How do viruses encode their genomes?
- DNA or RNA but not both
- Single- or double-stranded
- Linear or circular
- One segment or multiple segments
Viruses have from 2 genes (as in parvoviruses) to 200 genes (as in pox viruses). This is too few for independent survival, and viruses depend on cellular genes to supply the missing functions.
How do viruses express genes?
As with bacteria or humans: genes = enhancer/promoter region + ribosomal entry site + open reading frame.
- No operons
- Expression is not induced by interaction between an operator and a repressor/inducer, but by binding of cellular transcription factors to promoter regions (thus, viruses are eukaryotic)
What kinds of viral genome structures are there?
Simple genomes: Genes in a linear arrangement on one RNA strand, with only a single promoter (e.g., retroviruses)
Complex genomes: Genes on both strands of DNA, often overlapping, and each with its own promoter (e.g., adenoviruses, herpesviruses, poxviruses)
How do viruses compress their functions into minimal space for maximal efficiency?
- No non-coding regions
- Overlapping reading frames
- Translational frameshifts
Polyproteins, which are cleaved into individual proteins by specific proteases, which makes 1 promoter enough for an entire virus. (These proteases are unique to viruses and, therefore, potential drug targets, especially for HIV and hepatitis C.)
How common is viral mutation, and why?
Mutation frequency is high:
- High error rate of polymerase
- Lack of proofreading and error correction
- Lack of second strand in some viruses
- Small amount of genetic material, with no "waste"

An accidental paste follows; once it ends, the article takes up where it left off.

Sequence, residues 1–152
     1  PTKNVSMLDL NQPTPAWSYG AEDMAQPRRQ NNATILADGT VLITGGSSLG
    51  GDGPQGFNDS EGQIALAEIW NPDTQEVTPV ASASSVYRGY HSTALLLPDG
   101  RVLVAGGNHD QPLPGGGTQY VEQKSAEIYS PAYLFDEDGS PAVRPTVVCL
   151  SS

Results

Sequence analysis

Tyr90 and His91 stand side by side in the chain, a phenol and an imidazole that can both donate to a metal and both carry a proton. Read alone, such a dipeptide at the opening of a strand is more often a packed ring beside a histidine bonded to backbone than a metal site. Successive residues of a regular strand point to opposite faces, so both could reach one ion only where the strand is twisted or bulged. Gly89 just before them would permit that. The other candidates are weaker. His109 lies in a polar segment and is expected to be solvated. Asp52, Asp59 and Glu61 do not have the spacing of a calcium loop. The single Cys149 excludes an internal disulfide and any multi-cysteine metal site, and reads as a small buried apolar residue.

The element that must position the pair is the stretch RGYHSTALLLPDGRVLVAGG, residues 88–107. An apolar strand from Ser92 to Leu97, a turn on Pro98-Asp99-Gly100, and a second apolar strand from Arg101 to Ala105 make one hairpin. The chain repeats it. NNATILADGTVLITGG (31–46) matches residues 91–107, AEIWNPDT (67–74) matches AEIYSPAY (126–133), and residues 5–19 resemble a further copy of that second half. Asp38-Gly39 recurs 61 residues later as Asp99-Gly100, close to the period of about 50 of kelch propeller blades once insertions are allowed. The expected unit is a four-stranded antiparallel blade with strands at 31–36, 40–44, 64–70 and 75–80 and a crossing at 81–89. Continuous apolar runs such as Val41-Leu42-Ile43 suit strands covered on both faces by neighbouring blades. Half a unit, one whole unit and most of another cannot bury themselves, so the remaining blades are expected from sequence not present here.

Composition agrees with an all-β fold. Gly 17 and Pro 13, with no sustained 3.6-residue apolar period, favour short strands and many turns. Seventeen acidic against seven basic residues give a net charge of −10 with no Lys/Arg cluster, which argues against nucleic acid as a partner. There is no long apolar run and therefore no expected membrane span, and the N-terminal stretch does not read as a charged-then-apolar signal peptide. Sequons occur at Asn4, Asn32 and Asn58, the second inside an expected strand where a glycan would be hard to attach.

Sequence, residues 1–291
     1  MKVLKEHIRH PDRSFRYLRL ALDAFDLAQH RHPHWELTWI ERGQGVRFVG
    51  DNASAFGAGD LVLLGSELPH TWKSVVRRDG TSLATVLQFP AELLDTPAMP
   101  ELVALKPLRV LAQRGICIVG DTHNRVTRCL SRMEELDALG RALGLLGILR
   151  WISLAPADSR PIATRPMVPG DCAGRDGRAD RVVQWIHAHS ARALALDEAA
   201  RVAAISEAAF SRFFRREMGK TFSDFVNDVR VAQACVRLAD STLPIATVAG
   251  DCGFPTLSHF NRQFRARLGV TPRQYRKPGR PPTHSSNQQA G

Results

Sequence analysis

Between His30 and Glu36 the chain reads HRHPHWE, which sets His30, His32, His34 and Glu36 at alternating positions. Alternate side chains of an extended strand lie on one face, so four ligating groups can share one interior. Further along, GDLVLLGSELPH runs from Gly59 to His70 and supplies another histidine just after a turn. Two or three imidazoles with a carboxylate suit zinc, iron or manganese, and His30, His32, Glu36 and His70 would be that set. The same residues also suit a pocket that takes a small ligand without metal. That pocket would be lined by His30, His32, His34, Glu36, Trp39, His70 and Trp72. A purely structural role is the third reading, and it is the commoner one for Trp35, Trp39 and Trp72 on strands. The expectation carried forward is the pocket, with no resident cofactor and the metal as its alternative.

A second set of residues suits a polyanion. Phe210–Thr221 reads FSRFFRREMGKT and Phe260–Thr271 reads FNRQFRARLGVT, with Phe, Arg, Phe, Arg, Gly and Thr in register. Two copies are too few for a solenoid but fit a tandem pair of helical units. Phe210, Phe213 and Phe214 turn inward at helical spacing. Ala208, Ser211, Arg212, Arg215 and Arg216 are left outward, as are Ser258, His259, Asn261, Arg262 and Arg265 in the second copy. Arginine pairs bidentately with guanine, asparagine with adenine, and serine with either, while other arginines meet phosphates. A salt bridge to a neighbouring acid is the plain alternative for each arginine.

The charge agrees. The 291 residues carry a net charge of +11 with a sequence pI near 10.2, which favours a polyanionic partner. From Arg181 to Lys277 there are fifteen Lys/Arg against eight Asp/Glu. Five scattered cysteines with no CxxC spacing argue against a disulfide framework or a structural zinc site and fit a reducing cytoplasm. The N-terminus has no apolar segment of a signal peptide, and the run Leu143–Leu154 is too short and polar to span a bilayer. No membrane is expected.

DNA viruses are fairly stable, while RNA viruses are very unstable (1 mutation per generation).
Why are mutations important in viruses?
- Allow epidemiological studies (e.g., MERS)
- Allow live vaccines to be made (e.g., early polio vaccine; some mutations only allow a virus to grow under certain conditions)
- Can produce new antigens which avoid immunity (e.g. influenza antigenic drift)
- Can lead to drug resistance (e.g., protease of Hepatitis C)
- Integration of viral genome can cause disease (e.g., papillomavirus in cervical cancer)
What can happen if two viruses infect one cell?
The infection of 2 viruses in 1 cell is uncommon, because one will usually preclude the other, but when it happens, 1 of 4 things may follow:
- Complementation of 2 defective viruses: neither can produce progeny virus alone, but together they can produce viable progeny virus A and viable progeny virus B
- Phenotypic mixing of similar viruses: 2 very similar viruses will produce progeny for virus A and B, but also some pseudotypes via exchange of capsid proteins (virus A w/ B characteristics, virus B w/ A characteristics), which only last 1 generation
- Recombination of homologous viruses: 2 homologues enter a cell and cross over during replication, producing progeny different from parents
- Reassortment of segmented viral genomes: 2 segmented viruses mix segments, producing progeny different from parents
Why are most cells/organisms only infected with one virus at a time (i.e., why is viral interaction rare)?
- Blocking of receptors
- Competition for resources
- Stimulation of innate immunity
How would viruses be used in gene therapy?
- Delete an essential gene from virus
- Insert that gene into ‘complementing’ cell
- Clone the therapeutic human gene into virus
- Grow the virus in the complementing cell
- Test virus in cells, animals, humans
Diseases that might be treated by gene therapy are mainly those with a congenital lack of a single gene/protein (e.g., CF, combined immunodeficiency, hemophilia, various liver enzyme-deficiency disorders).
Delivery of gene therapy by viruses involves host-range mutants, which can be made from retroviruses, adenoviruses, herpes simplex virus, and adeno-associated virus.
What are some problems associated with viral gene therapy?